In vitro diagnostics regulation
This week sees the end of the in vitro diagnostics directive (IVDD) for new products as the in vitro diagnostics regulation (IVDR) takes its place (26th May 2022). The IVDR is a new world of regulation and represents a significant change in notified body involvement for the In Vitro Diagnostics industry. Under the IVDD approximately 80% of in vitro diagnostic products were able to be placed on the market by a process of self-certification. Only 20% of IVD products (those tests that fell into Annex II list a and b, as well as self-tests) were obliged to undergo notified body assessment. Under IVDR, it is expected that 80-90% of products will now need notified body assessment with only a minority of products (those that fall under CLASS A rules) being legitimate for self-certification.
This change in notified body involvement has been widely publicised and, as highlighted at the recent RAPS Euro convergence, it will bring notified body scrutiny to a significant number of IVD manufacturers who have not previously engaged with a notified body or had their technical files scrutinised. Some less reputable manufacturers may not even have a technical file for their products or an appropriate ISO13485 QMS and, in this sense, the implementation of the IVDR is very welcome as a mechanism to exclude less reputable manufacturers from the market.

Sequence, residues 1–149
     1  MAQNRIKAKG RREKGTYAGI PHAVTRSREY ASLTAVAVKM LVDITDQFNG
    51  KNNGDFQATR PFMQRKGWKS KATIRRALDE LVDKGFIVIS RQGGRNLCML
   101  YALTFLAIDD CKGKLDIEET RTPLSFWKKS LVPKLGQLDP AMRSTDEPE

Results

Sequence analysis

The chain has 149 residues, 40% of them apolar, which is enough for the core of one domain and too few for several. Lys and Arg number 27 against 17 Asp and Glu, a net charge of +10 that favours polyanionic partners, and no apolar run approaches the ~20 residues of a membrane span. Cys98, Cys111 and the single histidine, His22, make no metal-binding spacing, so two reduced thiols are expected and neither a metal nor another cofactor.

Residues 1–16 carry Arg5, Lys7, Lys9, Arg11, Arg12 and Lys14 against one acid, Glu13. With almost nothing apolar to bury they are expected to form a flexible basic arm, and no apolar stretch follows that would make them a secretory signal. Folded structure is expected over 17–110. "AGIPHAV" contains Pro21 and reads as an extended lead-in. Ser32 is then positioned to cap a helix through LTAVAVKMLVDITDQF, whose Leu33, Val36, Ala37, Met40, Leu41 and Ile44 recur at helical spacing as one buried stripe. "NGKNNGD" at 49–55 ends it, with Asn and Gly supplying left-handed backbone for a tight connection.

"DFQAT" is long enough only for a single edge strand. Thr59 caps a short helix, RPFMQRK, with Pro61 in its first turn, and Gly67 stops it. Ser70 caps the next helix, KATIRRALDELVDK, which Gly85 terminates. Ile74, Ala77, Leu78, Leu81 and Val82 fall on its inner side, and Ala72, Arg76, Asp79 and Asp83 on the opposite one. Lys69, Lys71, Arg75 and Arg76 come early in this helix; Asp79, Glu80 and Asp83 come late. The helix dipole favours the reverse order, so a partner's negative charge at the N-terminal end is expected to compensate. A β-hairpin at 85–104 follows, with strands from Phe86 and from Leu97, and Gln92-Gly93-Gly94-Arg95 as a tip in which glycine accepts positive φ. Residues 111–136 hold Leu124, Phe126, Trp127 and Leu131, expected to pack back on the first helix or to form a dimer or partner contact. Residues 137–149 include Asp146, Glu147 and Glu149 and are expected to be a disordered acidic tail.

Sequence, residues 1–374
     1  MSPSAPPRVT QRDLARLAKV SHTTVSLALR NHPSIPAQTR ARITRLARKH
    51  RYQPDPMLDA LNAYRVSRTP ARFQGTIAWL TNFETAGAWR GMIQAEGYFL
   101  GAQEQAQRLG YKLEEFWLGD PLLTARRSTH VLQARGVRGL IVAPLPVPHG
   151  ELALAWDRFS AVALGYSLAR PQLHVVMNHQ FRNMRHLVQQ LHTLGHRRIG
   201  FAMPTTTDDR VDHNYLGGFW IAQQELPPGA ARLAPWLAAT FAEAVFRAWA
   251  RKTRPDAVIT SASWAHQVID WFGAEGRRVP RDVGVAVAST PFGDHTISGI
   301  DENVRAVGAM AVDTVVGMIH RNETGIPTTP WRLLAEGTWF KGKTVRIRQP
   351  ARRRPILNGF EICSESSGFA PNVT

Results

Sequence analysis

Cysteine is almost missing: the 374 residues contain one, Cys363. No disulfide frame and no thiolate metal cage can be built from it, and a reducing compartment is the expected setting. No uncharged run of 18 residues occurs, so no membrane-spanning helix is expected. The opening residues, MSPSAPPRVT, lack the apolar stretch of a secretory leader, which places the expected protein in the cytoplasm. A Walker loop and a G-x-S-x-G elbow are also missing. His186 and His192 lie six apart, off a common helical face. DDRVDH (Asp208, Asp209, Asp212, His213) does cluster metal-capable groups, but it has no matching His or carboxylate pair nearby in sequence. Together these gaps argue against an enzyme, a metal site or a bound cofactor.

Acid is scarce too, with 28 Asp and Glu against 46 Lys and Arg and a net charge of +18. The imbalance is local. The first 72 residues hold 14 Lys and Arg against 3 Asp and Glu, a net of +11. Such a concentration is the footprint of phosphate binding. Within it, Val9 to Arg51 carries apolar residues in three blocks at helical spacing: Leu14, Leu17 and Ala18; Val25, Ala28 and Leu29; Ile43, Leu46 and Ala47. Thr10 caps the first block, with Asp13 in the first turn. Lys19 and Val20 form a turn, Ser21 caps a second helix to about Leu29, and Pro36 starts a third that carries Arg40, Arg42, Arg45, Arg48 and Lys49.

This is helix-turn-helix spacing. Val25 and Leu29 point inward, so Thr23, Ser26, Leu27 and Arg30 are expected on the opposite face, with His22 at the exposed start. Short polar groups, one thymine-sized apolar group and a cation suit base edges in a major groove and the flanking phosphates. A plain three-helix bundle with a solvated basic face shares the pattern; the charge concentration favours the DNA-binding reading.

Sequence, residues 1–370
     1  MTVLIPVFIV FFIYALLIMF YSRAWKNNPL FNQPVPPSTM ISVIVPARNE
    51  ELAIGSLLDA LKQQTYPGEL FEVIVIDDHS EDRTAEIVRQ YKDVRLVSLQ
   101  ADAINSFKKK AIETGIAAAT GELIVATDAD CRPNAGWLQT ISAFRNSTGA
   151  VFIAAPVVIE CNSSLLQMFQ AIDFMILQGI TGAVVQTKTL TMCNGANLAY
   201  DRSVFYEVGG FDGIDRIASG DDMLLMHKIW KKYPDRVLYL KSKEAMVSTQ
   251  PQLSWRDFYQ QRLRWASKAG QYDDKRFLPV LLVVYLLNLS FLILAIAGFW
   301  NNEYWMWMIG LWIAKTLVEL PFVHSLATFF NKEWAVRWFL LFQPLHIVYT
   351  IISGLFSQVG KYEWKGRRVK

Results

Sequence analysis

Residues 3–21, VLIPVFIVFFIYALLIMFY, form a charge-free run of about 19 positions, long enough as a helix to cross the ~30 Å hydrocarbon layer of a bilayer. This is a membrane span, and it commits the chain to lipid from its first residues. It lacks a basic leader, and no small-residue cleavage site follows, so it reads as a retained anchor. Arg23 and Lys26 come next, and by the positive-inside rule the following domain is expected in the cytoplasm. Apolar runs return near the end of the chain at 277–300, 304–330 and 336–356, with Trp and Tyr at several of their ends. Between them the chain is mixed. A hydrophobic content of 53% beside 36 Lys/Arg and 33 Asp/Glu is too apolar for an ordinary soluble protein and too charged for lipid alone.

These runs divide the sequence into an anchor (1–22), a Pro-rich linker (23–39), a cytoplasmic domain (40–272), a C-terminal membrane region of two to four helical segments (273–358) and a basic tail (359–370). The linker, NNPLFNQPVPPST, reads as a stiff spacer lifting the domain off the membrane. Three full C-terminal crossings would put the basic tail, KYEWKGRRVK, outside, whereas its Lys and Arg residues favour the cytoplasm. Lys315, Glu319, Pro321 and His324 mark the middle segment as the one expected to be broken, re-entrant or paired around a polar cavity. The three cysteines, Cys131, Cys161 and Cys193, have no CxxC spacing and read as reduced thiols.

What is less welcome, and also highlighted at the RAPS meeting, is that much of the infrastructure to support the full implementation of the IVDR is yet to put in place, for example, the publication of Common Specifications, the European Reference Labs (EURL) for batch release of CLASS D products, EUDAMED. At the moment notified bodies are trying to fill these gaps such as carrying out batch release when possible.
However, the most significant issue is notified body capacity. For IVDD there were 21 notified bodies across the EU (which included the UK at the time). For IVDR there are currently only 7 notified bodies approved. Not only is this a significant reduction in capacity but the proportion of products needing notified body scrutiny has dramatically increased under the IVDR from 20% to 80-90%.
For IVD companies bringing new products to the market the adoption of a new regulation combined with a significant lack of notified bodies represents a major commercial risk. The key question is whether these issues will quickly resolve or whether it is necessary to consider a strategic shift from initial submissions in Europe (where self certification was commercially attractive) to the US where requirements may be more clear. To help answer this question it is useful to look at the current status of the Medical Devices Regulation (MDR) whose implementation in Europe has a 2 year head start on the IVDR.